RSS

What I Read Online – 08/01/2013 (a.m.)

01 Aug
    • At STAND 2013 we’ll also have the wonderful privilege of having Kristie Anyabwile teach a women’s seminar titled “God’s Good Design: Women’s Ministry in Complementarian Contexts”.
    • Aslan gained wide popularity for his introduction to Islam, No god but God. I very much enjoyed my copy and still consult it. Aslan holds a PhD in sociology, but his primary scholarly emphasis involves contemporary religion. Aslan has also worked in New Testament studies, and Zealot contains references to a vast amount of literature, yet the book also betrays that he is not immersed in the literature of that field. Aslan is a spectacular writer, and his portrait of Jesus is spiritually if not intellectually compelling.
    • Aslan claims that Jesus himself veiled his messianic identity in order to avoid detection by the authorities. He also claims that Jesus used coded language to promote his vision of the Kingdom of God for similar reasons. Most scholars will find these claims just silly.
    • In other words, Jesus need not have promoted violence for the Romans to see him as dangerous.
    • Yet it’s difficult to square one feature of Jesus’ ministry with the portrait of Jesus as a zealous revolutionary: the Gospels’ remarkable insistence that Jesus enjoyed the company of sinners.
    • Contemporary scholarship is undermining that familiar model. For one thing, Paul was not nearly so removed from the teachings of Jesus as Aslan assert. Paul’s connection to the Jesus movement goes back to within a couple of years of Jesus’ death, and Paul’s teachings resonate with some of Jesus’ most characteristic emphases. Moreover, we find “high christologies” — assertions of Jesus’ divinity — from the earliest stages and from beyond Paul. Daniel Boyarin, a leading Jewish biblical scholar no less, believes that Jesus saw himself as divine. (I mention Boyarin not because I agree with him but because he represents a non-Christian take on these developments.) Matthew’s Gospel, the most obviously Jewish of the four Gospels, emphasizes people worshiping Jesus. The old model that Paul “invented” devotion to Jesus the Christ, particularly devotion to a divine Jesus, simply does not hold.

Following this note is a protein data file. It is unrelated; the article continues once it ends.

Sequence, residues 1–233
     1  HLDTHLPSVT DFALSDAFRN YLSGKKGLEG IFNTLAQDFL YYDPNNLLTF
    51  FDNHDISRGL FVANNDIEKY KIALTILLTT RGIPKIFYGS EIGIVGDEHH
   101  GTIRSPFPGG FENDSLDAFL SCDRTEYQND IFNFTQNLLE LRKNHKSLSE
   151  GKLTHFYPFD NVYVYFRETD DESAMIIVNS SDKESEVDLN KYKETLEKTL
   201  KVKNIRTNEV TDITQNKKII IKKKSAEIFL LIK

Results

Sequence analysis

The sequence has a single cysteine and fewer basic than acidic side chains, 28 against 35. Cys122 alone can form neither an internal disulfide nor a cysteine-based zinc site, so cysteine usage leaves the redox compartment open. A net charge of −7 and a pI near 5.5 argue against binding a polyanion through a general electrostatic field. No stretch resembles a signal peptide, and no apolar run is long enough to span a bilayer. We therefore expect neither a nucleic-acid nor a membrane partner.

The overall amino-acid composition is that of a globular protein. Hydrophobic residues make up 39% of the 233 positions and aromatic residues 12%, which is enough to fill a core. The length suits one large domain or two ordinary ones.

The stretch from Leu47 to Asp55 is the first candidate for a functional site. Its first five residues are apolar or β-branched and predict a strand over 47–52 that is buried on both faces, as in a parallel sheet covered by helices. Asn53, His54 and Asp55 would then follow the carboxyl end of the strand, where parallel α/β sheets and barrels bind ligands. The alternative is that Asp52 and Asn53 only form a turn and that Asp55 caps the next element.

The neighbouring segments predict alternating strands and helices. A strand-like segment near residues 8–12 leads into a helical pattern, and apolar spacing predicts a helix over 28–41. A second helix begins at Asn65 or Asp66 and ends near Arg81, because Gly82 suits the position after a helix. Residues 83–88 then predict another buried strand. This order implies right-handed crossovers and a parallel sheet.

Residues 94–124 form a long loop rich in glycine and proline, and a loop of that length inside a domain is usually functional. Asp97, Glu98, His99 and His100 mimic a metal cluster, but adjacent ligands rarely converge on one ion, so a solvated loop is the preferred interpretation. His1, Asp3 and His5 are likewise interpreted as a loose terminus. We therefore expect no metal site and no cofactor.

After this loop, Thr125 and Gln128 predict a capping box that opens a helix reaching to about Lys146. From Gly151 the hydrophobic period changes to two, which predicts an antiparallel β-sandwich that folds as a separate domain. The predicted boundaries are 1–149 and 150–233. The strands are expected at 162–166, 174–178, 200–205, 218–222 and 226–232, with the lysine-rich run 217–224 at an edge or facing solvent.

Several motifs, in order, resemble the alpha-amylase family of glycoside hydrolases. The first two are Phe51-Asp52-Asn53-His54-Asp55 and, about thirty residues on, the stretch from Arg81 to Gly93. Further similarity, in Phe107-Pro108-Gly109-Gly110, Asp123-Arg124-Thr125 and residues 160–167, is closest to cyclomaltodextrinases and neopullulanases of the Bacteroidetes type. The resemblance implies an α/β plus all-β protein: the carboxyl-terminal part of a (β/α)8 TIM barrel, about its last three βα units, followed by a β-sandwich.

• Men may be really saved by that grace which doctrinally they do deny;

       

      and they may be justified by the imputation of that righteousness which in opinion they deny to be imputed.

    • “The clearer the knowledge of the truth and the more deep the denial, the less assurance one can have that the God of truth will save him. Owen’s words are not meant to make us cavalier about the content of the gospel, but to hold out hope that men’s hearts are often better than their heads” (The Future of Justification, p. 25 n. 30).
    • Martin Luther faced the same problem. He began his reforms by speaking against the grace-less error of the Roman Catholic Church, but before long, he was challenging the grace-loving errors of his lawless would-be followers. Could it be that in our righteous zeal for the gospel we have swung the pendulum too far in the opposite direction?
    • Perhaps a better way to look at our current state is not an error of considering the gospel too often, but considering it too narrowly
    • Is it even possible to raise your children in light of the gospel without a healthy dose of law? Yet you won’t find any books or seminars on law-centered parenting.
    • What we’re after, more than an idea of gospel-centered parenting, is biblical faithfulness. And that may not be gospel-centered parenting, but (law and) gospel-centered parenting
    • Teach your children the gospel.
    • There was a time many years ago when teaching children the law of God was central to Christian education
    • They must learn to love God’s law
    • The gospel-centered movement was meant to free us from the bonds of guilt-laden legalism, but sometimes it induces more guilt than it intended. How many well-meaning parents feel guilty if they don’t expound the gospel every time their child throws a temper tantrum or takes from his siblings? How many parents feel obligated to ground every command in the gospel, or feel guilty for all the times when they don’t? We may be able to suppress the guilt in the moment, but the next time we hear a sermon or read a devotional about parenting we crawl into a hole with our guilt and shame.
    • You have freedom to demand obedience from your children without waxing eloquently about how their obedience doesn’t merit grace.
    • I am not advocating grace-less parenting. I am simply reminding parents that without the law, grace doesn’t make sense
    • If we’re going to parent well, we must parent as God parents. And God speaks two languages in Scripture
    • Born Again: God’s Sovereign Grace in the Miracle of Regeneration

Posted from Diigo. The rest of my favorite links are here.

Advertisements
 
Leave a comment

Posted by on 01/08/2013 in Current Issues

 

Leave a Reply

Fill in your details below or click an icon to log in:

WordPress.com Logo

You are commenting using your WordPress.com account. Log Out / Change )

Twitter picture

You are commenting using your Twitter account. Log Out / Change )

Facebook photo

You are commenting using your Facebook account. Log Out / Change )

Google+ photo

You are commenting using your Google+ account. Log Out / Change )

Connecting to %s

 
%d bloggers like this: